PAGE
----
In Zuckerberg’s case, his Facebook is one of the largest platforms for dissemination of information.  Governments and the people who run them desire control over information in order to effectively push their agendas.  There is no question that Zuckerberg is doing the bidding of those in power with regards to censoring information on his site.  From working for Angel Merkel and the German government to suppress knowledge of problems stemming from middle eastern immigration, to censoring “conservative” news and viewpoints, to banning and threatening individuals and pages that violate “community standards”, to removing harmless anti-Hillary Clinton memes.

Focusing on the last item from the paragraph above, it is readily apparent that Zuckerberg is overtly censoring views that deviate from those favored by the establishment.  Liberty Memes, a Facebook group that recently broached 100k likes, produced a hilarious, simple, accurate, and devastating meme in the wake of the FBI’s announcement that Hillary wouldn’t face indictment.  The meme was blowing up, and had garnered 10k likes, 50k shares, and 4 million views before it was removed by Facebook.

Regarding what can be said about public figures, Facebook’s community standards says:

Attacks on Public Figures: What protection public figures receive on Facebook.

We permit open and critical discussion of people who are featured in the news or have a large public audience based on their profession or chosen activities. We remove credible threats to public figures, as well as hate speech directed at them – just as we do for private individuals.”

Anyone who is willing to buy the line that this meme was a “credible threat” or “hate speech” is probably also in line to purchase a bridge in Brooklyn.  Clearly, a partnership has been formed between Zuckerberg and the establishment.  He gets to protect his billions, and they get to protect the flow of ideas & information.

So what should be done about this?  The short answer: nothing.  Facebook is a private company, and they should have the right to limit content however they see fit.  They don’t force anyone to use their service, their service is provided for free, and it has for the most part been a positive addition to society.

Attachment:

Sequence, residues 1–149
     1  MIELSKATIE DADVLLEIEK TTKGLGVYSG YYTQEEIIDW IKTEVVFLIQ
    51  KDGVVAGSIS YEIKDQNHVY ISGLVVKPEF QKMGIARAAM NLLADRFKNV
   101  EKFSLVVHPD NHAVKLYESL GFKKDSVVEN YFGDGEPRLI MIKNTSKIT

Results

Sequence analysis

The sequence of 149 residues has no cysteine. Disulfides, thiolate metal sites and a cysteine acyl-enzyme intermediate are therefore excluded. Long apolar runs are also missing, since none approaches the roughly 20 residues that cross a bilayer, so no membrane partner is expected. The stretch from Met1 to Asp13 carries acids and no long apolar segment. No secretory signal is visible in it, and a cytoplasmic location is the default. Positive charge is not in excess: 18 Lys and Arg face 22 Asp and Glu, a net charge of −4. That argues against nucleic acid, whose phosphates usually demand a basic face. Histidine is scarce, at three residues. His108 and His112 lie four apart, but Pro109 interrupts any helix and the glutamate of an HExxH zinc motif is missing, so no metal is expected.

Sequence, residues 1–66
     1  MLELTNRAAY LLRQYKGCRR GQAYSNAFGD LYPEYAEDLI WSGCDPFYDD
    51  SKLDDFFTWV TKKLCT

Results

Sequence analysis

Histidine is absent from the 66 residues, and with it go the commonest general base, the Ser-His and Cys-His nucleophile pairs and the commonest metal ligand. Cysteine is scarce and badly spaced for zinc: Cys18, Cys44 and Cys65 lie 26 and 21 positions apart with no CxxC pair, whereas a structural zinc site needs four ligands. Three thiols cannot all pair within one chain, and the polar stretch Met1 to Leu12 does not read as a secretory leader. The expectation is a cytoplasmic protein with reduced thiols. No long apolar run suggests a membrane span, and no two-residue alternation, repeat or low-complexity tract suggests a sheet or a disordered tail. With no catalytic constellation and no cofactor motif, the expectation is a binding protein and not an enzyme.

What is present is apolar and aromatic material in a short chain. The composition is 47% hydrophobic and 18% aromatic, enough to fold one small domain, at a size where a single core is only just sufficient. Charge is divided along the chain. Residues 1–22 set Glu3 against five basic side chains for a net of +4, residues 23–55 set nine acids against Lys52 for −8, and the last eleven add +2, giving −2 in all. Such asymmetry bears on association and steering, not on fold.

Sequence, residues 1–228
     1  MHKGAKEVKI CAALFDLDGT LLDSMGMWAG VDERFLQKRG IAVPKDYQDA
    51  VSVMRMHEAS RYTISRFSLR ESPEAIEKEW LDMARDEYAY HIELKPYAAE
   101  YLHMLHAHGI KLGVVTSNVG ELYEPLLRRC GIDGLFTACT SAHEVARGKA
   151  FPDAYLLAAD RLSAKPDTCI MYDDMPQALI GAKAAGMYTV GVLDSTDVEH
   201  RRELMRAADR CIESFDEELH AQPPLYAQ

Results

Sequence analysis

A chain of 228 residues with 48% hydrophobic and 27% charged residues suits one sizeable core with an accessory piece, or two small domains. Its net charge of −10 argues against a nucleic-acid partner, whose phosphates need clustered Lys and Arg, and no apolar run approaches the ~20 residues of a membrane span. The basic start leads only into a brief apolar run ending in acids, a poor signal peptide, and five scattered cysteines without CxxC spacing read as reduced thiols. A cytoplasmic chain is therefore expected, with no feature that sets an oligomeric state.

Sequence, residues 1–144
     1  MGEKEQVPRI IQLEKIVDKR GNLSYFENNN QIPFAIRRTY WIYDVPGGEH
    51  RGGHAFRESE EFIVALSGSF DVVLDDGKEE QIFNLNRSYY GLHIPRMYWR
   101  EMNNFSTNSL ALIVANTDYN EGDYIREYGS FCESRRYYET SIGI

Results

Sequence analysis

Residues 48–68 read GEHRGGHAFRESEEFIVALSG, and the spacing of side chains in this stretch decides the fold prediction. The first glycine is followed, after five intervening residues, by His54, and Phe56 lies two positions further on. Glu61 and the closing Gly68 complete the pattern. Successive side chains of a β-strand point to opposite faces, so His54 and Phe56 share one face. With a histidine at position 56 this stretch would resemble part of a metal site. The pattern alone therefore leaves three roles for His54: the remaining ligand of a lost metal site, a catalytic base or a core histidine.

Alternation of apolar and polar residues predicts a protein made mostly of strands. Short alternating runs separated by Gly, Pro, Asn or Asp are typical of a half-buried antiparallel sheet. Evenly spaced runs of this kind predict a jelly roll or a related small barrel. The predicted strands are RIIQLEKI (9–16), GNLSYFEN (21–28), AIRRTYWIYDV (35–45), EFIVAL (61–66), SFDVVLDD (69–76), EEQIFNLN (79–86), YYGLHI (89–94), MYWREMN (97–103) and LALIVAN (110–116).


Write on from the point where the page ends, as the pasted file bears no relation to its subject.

The long answer is more nuanced.  Zuckerberg first of all should be applauded for attempting to avoid paying as much taxes as he can.  It’s his money.  He earned it.  It certainly will be put to better use in his hands than in the hands of some government bureaucracy.  The problem is not entirely with Zuckerberg.  It is with government.  Only an institution that is funded by violence and coercion, that has the power to pull levers and twist knobs to manipulate the economy to their desire, and that can choose winners and losers within the economy is able to attract and ultimately control the richest people in the world.

If this power structure did not exist, market manipulation and favor trading between elites would become a relic “in the dustbin of history.”  Without the risk of losing big chunks of his fortune to taxation, Zuckerberg would not have the incentive to allow elite figures to control content and information on his site.  Without a central authority that has the power to regulate and tax, there would be no government elites for Zuckerberg to lobby and make deals with to protect his business.

Even though nothing should be done to force Facebook to change is its ways, there is plenty that can be done to persuade it to do so.  The market economy is powerful.  Competition is high in the social media market, and there have been signs that Facebook’s market share is shrinking.  This is the power that we have.  We can complain and protest.  And if The Zuck causes us enough angst, we can leave.  What we can’t do is use force.  Force and violence is the way of evil people.  Force and violence is the way of the government.

In order to eliminate the favors for favors relationship between the rich and the powerful, their levers of power must be taken away.  This is not likely to happen in the short run.  It may not happen until a complete collapse of the US empire.  Regardless, the most important work that we can do today is to spread the ideals of freedom, liberty, responsibility, and the power of the market economy.